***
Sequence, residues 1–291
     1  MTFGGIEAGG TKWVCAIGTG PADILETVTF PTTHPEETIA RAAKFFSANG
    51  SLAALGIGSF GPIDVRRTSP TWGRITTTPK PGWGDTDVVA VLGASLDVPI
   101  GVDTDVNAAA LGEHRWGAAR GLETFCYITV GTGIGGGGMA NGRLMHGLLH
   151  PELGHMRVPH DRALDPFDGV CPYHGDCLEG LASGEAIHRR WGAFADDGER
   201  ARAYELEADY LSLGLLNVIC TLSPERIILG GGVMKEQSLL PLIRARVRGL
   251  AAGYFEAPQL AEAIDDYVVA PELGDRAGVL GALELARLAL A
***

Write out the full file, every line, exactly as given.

Sequence, residues 1–291
     1  MTFGGIEAGG TKWVCAIGTG PADILETVTF PTTHPEETIA RAAKFFSANG
    51  SLAALGIGSF GPIDVRRTSP TWGRITTTPK PGWGDTDVVA VLGASLDVPI
   101  GVDTDVNAAA LGEHRWGAAR GLETFCYITV GTGIGGGGMA NGRLMHGLLH
   151  PELGHMRVPH DRALDPFDGV CPYHGDCLEG LASGEAIHRR WGAFADDGER
   201  ARAYELEADY LSLGLLNVIC TLSPERIILG GGVMKEQSLL PLIRARVRGL
   251  AAGYFEAPQL AEAIDDYVVA PELGDRAGVL GALELARLAL A